Does the Fourth Amendment offer lesser protection to children than it does to adults?
Public school children can be subjected to searches upon reasonable suspicion that they have broken a school rule or violated a law. The rule seems to emerge that persons under the age of eighteen have different protections under the Fourth Amendment than those recognized for adults.
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I agree with the observations made in the previous answer, but it does not state the real reason for why children have less protection than adults in the school setting. The reason for this is not the fact that schools are a public setting. Instead, it is because schools have a mission to educate children and to keep them safe while they are being educated. Schools are given more latitude to search students because of this mission. As the link below says,
Issues involving safety to all students may justify searches of students' personal property while on school premises.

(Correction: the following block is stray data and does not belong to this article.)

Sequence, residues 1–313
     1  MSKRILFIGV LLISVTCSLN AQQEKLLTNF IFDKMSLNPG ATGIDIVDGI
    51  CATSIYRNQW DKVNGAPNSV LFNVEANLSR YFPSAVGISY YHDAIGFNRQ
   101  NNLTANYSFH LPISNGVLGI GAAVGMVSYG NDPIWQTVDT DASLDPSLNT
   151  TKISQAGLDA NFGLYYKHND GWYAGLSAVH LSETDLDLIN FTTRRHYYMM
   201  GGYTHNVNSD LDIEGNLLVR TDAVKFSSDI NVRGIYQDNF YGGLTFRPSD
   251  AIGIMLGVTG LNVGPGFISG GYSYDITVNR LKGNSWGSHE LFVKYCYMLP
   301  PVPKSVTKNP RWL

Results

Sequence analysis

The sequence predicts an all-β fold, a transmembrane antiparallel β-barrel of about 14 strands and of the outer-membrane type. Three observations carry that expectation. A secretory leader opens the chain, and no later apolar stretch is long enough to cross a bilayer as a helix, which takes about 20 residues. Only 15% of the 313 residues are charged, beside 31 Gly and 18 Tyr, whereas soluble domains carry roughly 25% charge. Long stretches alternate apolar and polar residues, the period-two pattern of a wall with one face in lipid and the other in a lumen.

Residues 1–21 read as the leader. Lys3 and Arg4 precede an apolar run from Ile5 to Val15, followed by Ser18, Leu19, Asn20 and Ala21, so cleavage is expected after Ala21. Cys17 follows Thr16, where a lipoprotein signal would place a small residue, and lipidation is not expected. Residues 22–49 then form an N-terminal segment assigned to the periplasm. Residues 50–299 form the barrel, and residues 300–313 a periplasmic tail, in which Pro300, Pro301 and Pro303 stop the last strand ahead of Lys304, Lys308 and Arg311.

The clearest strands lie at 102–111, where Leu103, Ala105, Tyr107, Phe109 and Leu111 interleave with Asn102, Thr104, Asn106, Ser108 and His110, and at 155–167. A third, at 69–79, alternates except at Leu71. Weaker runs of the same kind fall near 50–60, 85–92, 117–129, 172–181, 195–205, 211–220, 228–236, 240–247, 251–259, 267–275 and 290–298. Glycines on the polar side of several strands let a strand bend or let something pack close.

Outside of a school setting, children do not have fewer rights to be free from searches and seizures. In school, however, they do have less in the way of 4th Amendment protections than either they or adults would have out on the street.
I think that the question is an appropriate one, but might need a bit more of guidance. The issues of searches and seizures of property might be subject to more interpretation in a public school setting because there is a lesser scope of a right to privacy. The public nature of the school setting allows the school broader latitude in conducting searches. Naturally, those searches cannot be invasive and detrimental to the dignity of the child. However, if the court has ruled that there is "reasonable suspicion," then a school official is able to search a locker or the belongings of a student. School officials are suggested to follow protocol, such as having the presence of another adult in order to ensure due process and fairness. However, the court has ruled in cases such as New Jersey vs. T.L.O. that student searches require less of a burden for conducting said search and property seizure than can be afforded outside of the school setting.
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